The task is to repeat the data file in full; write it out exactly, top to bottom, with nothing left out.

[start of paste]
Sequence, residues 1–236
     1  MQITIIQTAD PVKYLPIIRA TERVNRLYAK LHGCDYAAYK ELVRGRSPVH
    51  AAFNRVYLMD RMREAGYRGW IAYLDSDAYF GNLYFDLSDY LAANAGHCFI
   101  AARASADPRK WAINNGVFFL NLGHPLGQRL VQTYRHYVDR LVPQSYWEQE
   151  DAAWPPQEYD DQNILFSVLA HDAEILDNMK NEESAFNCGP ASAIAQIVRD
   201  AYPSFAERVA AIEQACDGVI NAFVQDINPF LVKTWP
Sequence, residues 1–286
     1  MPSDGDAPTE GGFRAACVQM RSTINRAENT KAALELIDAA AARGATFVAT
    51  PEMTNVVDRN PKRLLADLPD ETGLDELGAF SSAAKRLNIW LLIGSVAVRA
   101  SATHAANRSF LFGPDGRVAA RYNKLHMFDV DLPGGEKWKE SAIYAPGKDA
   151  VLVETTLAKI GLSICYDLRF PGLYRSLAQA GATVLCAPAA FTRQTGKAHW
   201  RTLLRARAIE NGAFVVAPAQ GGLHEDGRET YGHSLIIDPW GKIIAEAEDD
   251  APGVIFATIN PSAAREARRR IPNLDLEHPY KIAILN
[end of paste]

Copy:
Sequence, residues 1–236
     1  MQITIIQTAD PVKYLPIIRA TERVNRLYAK LHGCDYAAYK ELVRGRSPVH
    51  AAFNRVYLMD RMREAGYRGW IAYLDSDAYF GNLYFDLSDY LAANAGHCFI
   101  AARASADPRK WAINNGVFFL NLGHPLGQRL VQTYRHYVDR LVPQSYWEQE
   151  DAAWPPQEYD DQNILFSVLA HDAEILDNMK NEESAFNCGP ASAIAQIVRD
   201  AYPSFAERVA AIEQACDGVI NAFVQDINPF LVKTWP
Sequence, residues 1–286
     1  MPSDGDAPTE GGFRAACVQM RSTINRAENT KAALELIDAA AARGATFVAT
    51  PEMTNVVDRN PKRLLADLPD ETGLDELGAF SSAAKRLNIW LLIGSVAVRA
   101  SATHAANRSF LFGPDGRVAA RYNKLHMFDV DLPGGEKWKE SAIYAPGKDA
   151  VLVETTLAKI GLSICYDLRF PGLYRSLAQA GATVLCAPAA FTRQTGKAHW
   201  RTLLRARAIE NGAFVVAPAQ GGLHEDGRET YGHSLIIDPW GKIIAEAEDD
   251  APGVIFATIN PSAAREARRR IPNLDLEHPY KIAILN